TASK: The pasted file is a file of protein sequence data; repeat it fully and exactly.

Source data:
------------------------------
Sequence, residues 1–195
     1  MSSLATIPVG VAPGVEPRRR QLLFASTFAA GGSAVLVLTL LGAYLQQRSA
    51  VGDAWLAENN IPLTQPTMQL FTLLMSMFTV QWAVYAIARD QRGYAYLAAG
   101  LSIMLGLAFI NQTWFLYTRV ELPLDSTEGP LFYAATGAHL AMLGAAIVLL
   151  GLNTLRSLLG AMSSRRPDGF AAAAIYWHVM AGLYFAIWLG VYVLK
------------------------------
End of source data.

Sequence, residues 1–195
     1  MSSLATIPVG VAPGVEPRRR QLLFASTFAA GGSAVLVLTL LGAYLQQRSA
    51  VGDAWLAENN IPLTQPTMQL FTLLMSMFTV QWAVYAIARD QRGYAYLAAG
   101  LSIMLGLAFI NQTWFLYTRV ELPLDSTEGP LFYAATGAHL AMLGAAIVLL
   151  GLNTLRSLLG AMSSRRPDGF AAAAIYWHVM AGLYFAIWLG VYVLK